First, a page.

Tuesday, March 29, 2016

A wave of political defections spells new trouble for Afghanistan - Washingtonpost

 Afghanistan’s embattled government is facing a new challenge to its rule: former supporters, disillusioned by what they think is its incompetence, who now want fresh elections to remove the president from power.

The discontent comes as the country is confronting a robust Taliban insurgency and an economy crippled by the withdrawal of foreign troops.

Over the past few months, politicians, warlords, former ministers and other powerbrokers have come out against the government, which they say is paralyzed by infighting and unable to govern.

Critics have lambasted the administration of President Ashraf Ghani and Chief Executive Abdullah Abdullah, who together formed a national unity government after flawed elections in 2014, and they are calling for a snap presidential election to break the deadlock.

The government says that it is dedicated to implementing reforms and that it has made targeting corruption and unemployment priorities. But adding to the urgency is the looming September deadline for launching the mechanism to create a new legitimate government. If that deadline is not met, which is likely, Afghanistan could face a power vacuum that would destabilize the country further.

“If it performed well, people were willing to give the [national unity] government the benefit of the doubt. But it hasn’t. It has proved disastrous for this country,” said Anwar ul-Haq Ahadi, a former Ghani supporter and onetime finance minister under the previous president, Hamid Karzai.

 In January, Ahadi announced the formation of his own opposition movement, the New National Front of Afghanistan, to pressure the government and to call for new elections. Recent polls show a sharp decline in confidence in the government and public institutions.

"Given how weak the government is, if there is any more instability, it is unlikely it will be able to rule” after September, Ahadi said. “They have mismanaged the country and lost their legitimacy. They should go back to the people and ask for a new mandate.”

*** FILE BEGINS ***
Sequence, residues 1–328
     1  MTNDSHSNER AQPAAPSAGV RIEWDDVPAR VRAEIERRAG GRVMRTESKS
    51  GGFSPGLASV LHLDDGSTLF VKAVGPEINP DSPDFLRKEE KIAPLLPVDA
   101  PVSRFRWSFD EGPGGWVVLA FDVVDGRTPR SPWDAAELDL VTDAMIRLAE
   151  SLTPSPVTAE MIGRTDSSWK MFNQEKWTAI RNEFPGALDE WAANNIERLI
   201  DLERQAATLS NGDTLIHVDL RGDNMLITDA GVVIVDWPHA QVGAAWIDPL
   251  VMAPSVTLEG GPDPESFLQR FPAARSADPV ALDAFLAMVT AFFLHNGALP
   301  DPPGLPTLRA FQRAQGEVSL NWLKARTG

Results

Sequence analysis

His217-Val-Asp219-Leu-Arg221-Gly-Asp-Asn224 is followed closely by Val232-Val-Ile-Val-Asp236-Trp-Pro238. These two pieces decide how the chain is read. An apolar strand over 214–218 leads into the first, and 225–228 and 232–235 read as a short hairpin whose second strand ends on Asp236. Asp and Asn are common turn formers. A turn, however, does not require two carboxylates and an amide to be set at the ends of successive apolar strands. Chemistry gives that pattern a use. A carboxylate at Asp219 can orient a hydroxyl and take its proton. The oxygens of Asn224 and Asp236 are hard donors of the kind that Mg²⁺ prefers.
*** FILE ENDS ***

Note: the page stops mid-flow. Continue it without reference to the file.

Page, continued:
In many ways, the unity government may have been doomed from the start, analysts say. Even its critics say it was undermined by a hastily forged agreement that split power between two archrivals: Abdullah and Ghani.

The stalemate is so bad that the two sides can’t agree on a nominee for defense minister. And Kabul, a city of 4 million people, is still without a mayor because of the deadlock.

"Abdullah and Ghani — they can’t work with each other. If one of them says turn right, the other will say turn left,” said Safiullah, a 28-year-old fruit vendor in Kabul who, like many Afghans, has only one name.

The two camps maintain separate staffs, which rarely coordinate, current and former officials say. Even senior advisers say they have stopped attending weekly cabinet meetings, where the government’s dysfunction is on full display.

"The issues they debate at the cabinet meetings are only minor. They don’t address any major issues facing the country,” said Ahmad Zia Massoud, Ghani’s special representative for reform and good governance.

"This is why I’m reluctant to go,” he said of the meetings. “They don’t talk about education or the economy. And resentment of the government is high.”

Despite his position in the administration, Massoud has joined others in Afghanistan’s political elite in criticizing the performance of the unity government. - Read More

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